From an architecture perspective, the Metaverse lies in the intersection of technology and design for both physical and virtual environments. It will include worldbuilding, city planning, architectural structures, immersive experiences, gamification, marketplaces, and NFTs — where digital identities will interact in real-time.

in conversation with pico velasquez on architecting the metaverse at metaweek dubai
in conversation with Metaverse visionary Pico Velasquez at MetaWeek Dubai



DB: The Metaverse is still an enigmatic and exciting concept that is being built as we speak. What role will architects and designers play in its shaping? What new opportunities for creative expression has it brought about already?


PV: The Metaverse is a fascinating new opportunity for architects and designers alike, as it will transform every industry, including art, culture, education, entertainment, and all other aspects of our economy and daily lives. It is imperative to understand that the Metaverse has an incredibly complex set of layers; it is designing an entire parallel universe that seamlessly connects with our existing one. From cities and buildings to avatars and identities, in addition to ‘spaces,’ we will need to design how people and AI will communicate, trade, and interact.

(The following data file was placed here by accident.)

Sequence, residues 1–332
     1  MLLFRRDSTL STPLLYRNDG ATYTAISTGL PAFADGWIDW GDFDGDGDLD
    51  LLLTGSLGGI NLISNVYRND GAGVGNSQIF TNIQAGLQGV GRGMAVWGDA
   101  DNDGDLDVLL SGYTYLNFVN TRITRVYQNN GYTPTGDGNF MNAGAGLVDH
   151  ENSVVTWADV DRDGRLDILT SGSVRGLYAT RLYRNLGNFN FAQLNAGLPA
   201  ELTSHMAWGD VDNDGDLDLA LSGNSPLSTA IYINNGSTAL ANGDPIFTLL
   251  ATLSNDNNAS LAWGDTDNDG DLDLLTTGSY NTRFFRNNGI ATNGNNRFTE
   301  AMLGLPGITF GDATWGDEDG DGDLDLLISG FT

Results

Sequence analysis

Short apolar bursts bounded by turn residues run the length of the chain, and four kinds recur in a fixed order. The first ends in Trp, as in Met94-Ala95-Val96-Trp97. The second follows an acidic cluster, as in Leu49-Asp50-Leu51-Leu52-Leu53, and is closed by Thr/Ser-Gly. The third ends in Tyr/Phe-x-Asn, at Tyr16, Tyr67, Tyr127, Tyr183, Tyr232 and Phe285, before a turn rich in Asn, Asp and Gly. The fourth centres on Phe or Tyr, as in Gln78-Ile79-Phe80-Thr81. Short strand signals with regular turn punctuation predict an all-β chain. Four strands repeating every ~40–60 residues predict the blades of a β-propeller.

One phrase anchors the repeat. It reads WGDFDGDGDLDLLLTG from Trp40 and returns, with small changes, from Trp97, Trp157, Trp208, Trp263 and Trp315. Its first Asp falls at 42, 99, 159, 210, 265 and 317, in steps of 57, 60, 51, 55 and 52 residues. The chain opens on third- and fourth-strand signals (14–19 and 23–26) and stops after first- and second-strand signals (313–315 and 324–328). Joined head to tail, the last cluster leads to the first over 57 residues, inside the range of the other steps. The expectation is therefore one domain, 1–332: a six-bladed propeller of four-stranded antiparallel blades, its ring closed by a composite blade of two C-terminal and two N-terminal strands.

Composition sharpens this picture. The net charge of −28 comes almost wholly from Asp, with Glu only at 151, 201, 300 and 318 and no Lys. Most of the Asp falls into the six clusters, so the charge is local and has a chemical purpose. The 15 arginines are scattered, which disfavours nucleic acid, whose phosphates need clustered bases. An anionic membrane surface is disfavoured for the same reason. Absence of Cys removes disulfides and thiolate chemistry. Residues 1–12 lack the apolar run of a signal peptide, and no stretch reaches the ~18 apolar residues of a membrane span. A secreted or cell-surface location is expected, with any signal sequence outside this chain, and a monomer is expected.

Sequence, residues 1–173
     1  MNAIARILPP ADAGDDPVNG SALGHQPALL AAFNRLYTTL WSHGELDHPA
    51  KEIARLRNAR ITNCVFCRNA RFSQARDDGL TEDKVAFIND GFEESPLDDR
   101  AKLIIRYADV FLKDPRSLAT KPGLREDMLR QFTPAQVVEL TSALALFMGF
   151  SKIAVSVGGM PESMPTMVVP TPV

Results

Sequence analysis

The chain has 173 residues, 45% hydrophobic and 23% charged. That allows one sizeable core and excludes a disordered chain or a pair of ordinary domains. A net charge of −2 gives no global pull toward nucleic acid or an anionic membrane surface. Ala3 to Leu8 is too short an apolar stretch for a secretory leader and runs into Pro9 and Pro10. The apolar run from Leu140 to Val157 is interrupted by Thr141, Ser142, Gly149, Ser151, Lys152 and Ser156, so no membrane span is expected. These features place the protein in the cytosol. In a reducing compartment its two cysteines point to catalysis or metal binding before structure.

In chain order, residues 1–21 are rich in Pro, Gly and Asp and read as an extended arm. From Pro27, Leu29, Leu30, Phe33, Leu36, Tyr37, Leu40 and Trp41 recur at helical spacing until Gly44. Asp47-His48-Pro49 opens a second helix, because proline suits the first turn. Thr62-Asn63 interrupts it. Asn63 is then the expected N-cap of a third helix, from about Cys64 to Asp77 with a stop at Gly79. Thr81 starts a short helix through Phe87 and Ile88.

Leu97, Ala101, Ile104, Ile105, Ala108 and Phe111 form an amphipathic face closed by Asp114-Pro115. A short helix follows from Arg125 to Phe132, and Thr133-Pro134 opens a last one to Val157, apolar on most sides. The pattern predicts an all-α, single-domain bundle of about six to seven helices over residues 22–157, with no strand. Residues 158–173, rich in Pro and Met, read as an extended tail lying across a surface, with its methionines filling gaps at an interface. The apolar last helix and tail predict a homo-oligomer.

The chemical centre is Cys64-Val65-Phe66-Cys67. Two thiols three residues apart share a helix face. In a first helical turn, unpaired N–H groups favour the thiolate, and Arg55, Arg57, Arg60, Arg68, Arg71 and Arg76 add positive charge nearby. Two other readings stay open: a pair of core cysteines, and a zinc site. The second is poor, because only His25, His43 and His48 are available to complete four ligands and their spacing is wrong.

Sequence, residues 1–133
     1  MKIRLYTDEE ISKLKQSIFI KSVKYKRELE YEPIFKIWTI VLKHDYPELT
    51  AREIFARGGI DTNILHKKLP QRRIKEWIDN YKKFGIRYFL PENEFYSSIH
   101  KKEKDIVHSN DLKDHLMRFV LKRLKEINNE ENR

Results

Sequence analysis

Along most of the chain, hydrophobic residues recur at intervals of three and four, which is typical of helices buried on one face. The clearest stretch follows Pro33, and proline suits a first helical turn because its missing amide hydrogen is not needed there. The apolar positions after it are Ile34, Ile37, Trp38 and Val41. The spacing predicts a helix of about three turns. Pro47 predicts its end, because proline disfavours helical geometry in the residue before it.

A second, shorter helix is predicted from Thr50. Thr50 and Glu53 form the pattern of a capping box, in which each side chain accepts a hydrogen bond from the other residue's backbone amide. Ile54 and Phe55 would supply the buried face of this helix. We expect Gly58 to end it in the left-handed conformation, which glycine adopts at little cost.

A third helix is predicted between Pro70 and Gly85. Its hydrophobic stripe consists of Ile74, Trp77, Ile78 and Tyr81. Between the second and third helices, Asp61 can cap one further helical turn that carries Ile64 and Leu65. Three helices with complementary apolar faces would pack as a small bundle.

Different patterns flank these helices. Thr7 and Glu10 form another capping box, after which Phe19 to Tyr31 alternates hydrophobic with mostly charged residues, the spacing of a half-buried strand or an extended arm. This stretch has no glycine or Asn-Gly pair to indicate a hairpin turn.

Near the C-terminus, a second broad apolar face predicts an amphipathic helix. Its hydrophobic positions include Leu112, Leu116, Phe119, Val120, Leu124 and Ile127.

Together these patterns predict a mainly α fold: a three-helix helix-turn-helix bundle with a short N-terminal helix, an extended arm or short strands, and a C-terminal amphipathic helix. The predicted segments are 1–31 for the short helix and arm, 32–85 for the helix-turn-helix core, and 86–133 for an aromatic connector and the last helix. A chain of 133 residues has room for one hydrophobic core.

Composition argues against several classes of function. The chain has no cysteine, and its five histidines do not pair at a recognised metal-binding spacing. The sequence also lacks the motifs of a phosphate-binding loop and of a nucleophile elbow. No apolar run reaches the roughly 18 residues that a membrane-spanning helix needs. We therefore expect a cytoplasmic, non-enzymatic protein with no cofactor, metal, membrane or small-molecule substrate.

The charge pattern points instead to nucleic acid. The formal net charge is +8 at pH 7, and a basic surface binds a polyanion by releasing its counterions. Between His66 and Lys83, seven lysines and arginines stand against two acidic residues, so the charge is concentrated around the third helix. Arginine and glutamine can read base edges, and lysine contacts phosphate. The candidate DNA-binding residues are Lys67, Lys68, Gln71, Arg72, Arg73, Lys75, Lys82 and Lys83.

Designing a Metaverse is also like creating a story. At the core, we know that people intrinsically want to connect globally. So, as Metaverse architects, we aim to devise new, innovative ways to unite people in engaging, human-centered experiences that are not just limited to looking at a building or space, which can provide real purpose and value. In addition to the almost-limitless creative possibilities in building immersive virtual worlds, the design of virtual spaces and interactions will define new aspects of social behaviors that could even lead to massive action and global impact. In this case, creativity and responsibility go hand in hand.

in conversation with pico velasquez on architecting the metaverse at metaweek dubai
2D DALL·E outputs transformed into 3D virtual architecture



DB: As you mentioned in your MetaWeek keynote speech, you have now transitioned into the virtual realm after practicing as a traditional architect and designer for many years. Can you tell us a bit more about your latest venture — your Metaverse startup, VIIRA?


PV: With VIIRA, we are focused on playing a pivotal role in shaping the future by providing platforms and tools to build the Metaverse of tomorrow. Our initial approach is focused on Art and Culture, working with both traditional and digital-native individuals and institutions to develop their Web3 presence integrated with blockchain, NFTs, and DeFi.